Constructing the Child Soldier Crisis: Violence, Victimhood, and the Development of Transnational Advocacy against the Recruitment and Use of Children in Conflict, circa 1970–2000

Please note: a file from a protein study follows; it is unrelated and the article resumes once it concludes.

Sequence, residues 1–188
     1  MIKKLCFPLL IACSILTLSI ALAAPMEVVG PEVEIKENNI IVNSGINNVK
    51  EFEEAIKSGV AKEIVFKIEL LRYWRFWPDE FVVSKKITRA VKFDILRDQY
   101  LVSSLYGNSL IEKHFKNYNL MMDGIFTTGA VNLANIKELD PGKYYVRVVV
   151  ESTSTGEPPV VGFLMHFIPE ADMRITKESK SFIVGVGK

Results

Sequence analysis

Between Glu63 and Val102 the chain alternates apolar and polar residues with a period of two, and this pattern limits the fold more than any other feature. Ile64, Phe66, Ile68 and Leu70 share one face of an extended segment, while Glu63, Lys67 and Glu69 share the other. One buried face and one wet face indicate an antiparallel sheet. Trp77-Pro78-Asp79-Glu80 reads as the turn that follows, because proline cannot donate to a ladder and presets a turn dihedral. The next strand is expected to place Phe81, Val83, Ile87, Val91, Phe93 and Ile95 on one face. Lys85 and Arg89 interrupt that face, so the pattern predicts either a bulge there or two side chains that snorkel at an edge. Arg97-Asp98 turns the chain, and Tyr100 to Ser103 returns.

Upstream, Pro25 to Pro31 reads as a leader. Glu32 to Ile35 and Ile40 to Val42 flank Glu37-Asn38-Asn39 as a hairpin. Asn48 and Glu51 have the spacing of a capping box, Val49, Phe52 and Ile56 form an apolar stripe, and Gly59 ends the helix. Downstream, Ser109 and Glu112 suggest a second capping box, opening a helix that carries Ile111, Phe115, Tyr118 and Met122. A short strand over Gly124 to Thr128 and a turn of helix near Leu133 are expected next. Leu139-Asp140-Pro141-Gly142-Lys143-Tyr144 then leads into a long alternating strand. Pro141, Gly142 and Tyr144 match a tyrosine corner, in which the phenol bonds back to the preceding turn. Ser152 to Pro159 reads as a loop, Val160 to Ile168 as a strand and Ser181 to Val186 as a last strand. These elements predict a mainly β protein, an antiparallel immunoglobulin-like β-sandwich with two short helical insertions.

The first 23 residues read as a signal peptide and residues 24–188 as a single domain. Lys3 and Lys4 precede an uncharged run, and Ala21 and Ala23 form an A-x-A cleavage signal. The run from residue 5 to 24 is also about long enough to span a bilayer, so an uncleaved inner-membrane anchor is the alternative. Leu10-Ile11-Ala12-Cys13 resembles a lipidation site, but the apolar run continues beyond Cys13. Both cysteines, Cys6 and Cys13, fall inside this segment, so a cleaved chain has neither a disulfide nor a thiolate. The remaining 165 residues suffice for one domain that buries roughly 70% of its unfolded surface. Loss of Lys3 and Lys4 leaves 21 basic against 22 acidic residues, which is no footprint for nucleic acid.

Abstract: This article explores why the figure of the child soldier as an abused and exploited victim of war erupted to the forefront of humanitarian and human rights advocacy in the 1990s, arguing that a humanitarian calculus of concern constructed this “child soldier crisis.” It analyzes the structural and contingent factors that drove the development of transnational advocacy from initial concerns in 1969–71 to the 2000 Optional Protocol on the Involvement of Children in Armed Conflict. The article highlights the successful campaigning tactics of these networks, showing how the object figure of the child soldier as victim was framed by racialized and paternalistic tropes of Global South societies and shifting constructions of childhood itself. It is based on extensive research across UN agency and INGO archives, private papers, media sources, and human rights reports.

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